America Libre Author Discusses Work, Cultural Stereotypes

Logan Buckley

“The origins of any political revolution parallel the beginnings of life on our planet. The amino acids and proteins lie inert in a volatile primordial brew until a random lightning strike suddenly brings them to life.” This foreboding quote, attributed to José Antonio Marcha, begins Raul Ramon y Sanchez’s debut novel America Libre, which was published in 2009 as the first volume of a trilogy. The sequels, House Divided and Pancho Land, followed in 2011 and 2012. It’s certainly indicative of what is to come: The novels tell the story of a Latino family in Los Angeles in a near-future United States where debates over immigration become toxic and racism toward Latinos and Latinas leads to violent conflict. The author discussed his writing last Friday with community members and Oberlin students.

Ramos was born in Cuba before Fidel Castro came to power, grew up in Miami and eventually moved to the Midwest. He worked for many years in advertising, witnessing the ways in which Latinos and Latinas were oversimplified and grouped together as a monolithic group despite the diversity of people covered by those umbrella terms. He described advertisers as “reaching for the lowest common denominator” in their attempts to market products to Latinos.

Eventually, Ramos decided that fiction was an avenue that would allow him to depict the diversity and complexity of Latino culture in the United States. He expressed a firm belief in the ability of books to increase tolerance by humanizing the “other” and also described the unique situation in which Latinos in the U.S. find themselves. While the country’s history of tension over immigration goes back to its founding, Ramos described the position occupied by many Latinos as being immigrants who can say, “My ancestors once lived on this land.”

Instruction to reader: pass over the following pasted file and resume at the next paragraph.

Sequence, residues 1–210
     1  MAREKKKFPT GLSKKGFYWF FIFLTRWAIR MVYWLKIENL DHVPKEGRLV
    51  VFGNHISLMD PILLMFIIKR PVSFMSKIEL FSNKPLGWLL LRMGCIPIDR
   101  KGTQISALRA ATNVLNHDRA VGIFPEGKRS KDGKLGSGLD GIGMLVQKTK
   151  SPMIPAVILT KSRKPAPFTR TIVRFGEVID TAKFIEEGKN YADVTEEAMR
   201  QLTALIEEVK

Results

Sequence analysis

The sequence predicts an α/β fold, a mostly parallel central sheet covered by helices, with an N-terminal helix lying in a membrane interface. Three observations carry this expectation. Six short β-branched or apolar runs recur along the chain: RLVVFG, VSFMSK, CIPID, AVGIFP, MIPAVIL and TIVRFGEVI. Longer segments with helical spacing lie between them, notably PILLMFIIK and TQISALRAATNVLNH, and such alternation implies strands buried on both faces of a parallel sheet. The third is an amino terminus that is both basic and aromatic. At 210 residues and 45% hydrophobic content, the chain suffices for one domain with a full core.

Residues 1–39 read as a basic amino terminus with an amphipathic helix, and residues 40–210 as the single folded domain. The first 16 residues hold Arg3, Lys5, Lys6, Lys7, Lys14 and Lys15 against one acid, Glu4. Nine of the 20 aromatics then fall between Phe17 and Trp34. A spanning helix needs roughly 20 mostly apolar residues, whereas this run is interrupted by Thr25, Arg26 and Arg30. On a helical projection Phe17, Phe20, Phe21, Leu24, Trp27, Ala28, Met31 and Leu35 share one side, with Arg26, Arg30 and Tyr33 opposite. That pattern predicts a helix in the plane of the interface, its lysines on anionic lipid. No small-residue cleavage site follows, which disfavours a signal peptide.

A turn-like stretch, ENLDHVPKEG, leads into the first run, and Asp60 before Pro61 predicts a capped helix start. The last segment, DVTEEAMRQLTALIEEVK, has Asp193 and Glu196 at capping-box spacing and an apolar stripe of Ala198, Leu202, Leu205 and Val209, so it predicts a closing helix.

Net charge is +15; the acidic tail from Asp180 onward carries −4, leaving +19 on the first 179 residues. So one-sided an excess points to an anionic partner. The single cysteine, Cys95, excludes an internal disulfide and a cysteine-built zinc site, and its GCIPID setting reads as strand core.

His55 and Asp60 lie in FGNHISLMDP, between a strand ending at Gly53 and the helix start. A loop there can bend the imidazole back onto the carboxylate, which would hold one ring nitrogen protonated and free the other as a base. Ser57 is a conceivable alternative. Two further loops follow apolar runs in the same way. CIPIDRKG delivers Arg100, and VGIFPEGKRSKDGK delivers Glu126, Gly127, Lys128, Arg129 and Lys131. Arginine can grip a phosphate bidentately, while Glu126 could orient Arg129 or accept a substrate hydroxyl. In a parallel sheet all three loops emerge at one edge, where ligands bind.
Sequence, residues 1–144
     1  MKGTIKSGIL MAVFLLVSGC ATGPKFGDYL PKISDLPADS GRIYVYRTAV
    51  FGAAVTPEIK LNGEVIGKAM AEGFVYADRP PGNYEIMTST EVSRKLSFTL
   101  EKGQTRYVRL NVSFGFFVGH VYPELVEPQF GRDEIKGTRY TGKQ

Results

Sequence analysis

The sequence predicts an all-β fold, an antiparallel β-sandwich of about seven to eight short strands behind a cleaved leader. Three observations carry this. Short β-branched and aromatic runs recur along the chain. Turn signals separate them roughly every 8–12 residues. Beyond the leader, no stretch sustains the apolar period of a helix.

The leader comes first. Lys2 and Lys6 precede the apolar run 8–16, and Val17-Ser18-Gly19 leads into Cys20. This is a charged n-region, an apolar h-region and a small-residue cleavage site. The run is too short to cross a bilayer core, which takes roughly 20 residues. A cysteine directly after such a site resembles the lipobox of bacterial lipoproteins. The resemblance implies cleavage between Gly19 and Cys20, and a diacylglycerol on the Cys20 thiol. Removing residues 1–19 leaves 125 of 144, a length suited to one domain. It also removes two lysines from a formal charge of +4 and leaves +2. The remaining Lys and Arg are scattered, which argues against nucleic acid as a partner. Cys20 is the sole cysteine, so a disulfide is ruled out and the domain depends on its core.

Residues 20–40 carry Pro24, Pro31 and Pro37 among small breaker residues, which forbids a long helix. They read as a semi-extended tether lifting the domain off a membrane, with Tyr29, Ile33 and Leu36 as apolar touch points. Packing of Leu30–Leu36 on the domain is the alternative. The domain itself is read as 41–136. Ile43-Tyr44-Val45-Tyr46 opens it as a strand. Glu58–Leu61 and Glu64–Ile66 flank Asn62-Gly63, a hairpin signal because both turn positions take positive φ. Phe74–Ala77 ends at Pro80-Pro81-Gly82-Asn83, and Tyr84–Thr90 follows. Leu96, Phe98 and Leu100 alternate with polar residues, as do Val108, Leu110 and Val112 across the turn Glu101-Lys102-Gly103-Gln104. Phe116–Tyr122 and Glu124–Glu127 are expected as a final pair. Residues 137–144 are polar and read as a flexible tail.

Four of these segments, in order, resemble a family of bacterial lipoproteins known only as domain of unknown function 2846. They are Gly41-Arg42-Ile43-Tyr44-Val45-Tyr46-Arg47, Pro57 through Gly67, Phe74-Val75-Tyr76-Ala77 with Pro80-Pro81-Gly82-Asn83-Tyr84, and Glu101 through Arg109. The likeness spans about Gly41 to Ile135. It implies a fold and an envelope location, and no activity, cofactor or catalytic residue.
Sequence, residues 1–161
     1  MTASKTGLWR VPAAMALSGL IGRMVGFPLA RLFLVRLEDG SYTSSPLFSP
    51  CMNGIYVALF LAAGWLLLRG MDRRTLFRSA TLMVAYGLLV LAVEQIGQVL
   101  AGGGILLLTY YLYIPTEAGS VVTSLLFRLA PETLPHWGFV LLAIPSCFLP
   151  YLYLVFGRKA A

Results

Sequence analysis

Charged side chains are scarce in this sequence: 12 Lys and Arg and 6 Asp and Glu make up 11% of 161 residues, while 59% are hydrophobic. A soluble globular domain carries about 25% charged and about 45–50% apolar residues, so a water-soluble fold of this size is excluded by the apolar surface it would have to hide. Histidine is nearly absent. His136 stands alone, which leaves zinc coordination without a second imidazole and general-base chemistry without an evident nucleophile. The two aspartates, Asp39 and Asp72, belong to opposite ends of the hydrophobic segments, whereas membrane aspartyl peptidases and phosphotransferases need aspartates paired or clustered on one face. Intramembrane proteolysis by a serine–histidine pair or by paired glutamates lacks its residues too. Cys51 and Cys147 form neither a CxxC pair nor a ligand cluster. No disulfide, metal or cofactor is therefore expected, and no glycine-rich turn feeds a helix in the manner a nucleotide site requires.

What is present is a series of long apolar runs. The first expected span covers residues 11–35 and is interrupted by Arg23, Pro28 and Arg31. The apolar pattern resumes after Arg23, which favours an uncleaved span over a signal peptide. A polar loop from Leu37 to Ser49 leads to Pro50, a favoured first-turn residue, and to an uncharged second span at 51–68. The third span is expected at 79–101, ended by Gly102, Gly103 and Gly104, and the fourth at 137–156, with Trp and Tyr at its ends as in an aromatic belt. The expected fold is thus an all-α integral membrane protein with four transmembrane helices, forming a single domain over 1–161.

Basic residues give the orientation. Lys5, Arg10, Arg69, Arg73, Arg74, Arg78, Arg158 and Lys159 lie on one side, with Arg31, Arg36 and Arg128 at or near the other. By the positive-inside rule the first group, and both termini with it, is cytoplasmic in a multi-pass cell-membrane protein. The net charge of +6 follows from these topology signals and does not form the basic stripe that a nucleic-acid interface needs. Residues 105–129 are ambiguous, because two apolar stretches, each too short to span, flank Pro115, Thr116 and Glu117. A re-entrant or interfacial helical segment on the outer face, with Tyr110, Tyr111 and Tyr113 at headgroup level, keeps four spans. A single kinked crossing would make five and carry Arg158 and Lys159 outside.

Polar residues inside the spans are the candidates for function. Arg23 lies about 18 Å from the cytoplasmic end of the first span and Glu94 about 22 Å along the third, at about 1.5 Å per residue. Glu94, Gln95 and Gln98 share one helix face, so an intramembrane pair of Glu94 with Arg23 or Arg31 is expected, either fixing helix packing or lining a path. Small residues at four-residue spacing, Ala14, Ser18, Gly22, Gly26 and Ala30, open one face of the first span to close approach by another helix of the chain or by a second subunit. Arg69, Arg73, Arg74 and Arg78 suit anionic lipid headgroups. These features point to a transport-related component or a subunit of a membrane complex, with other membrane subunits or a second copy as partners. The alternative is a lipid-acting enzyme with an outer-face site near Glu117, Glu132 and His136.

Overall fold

His fear is that building tensions, perhaps sparked by a local event — in the books, an innocent Latina bystander is shot — could result in an ethnic war over territory in the United States. Ramos’s aim with the trilogy was to “create a negative future in [the] hopes that [it] never happens in reality,” citing as a model dystopian novels like George Orwell’s 1984.

Throughout the talk, Ramos emphasized the diversity of those people grouped together by the terms “Hispanic” or “Latino” — people with different skin colors, countries of origin, native languages and more. In creating the characters in his books, Ramos strove to present characters that reflected the reality of life for contemporary Latinos and Latinas without being limited by stereotypes. Describing his approach to writing, Ramos said, “Anyone who chooses to write or communicate has to avoid the easy, the facile stereotype.”

The problem he and others are up against is illustrated by the story of a short-lived proposal to turn America Libre into a movie. Though producers liked the general idea, they immediately began proposing changes to the characters and plot in order to bring them in line with mainstream ideas of what Latinos and Latinas should or should not be — the main character must be single, for example, and there cannot be a blonde Latina character. The movie, said Ramos, “was headed to stereotype city,” so he pulled the plug, trusting the books to speak for themselves.

Following Ramos’s talk, he answered questions from the audience on topics such as media coverage of issues affecting Latinos today and the importance of seeing people as individuals to counteract racism and prejudice. Discussions of events such as the recent shooting of a teenager in the Mexican city of Nogales by the U.S. Border Patrol — and the lack of media coverage such events tend to receive — cast further light on the fears that Ramos depicts in his books.

Some questions raised by members of the audience remained unresolved, however. Several students asked Ramos about the viability of fighting racism and prejudice on an individual level rather than treating them as systemic and institutional problems, but no definitive conclusions were reached.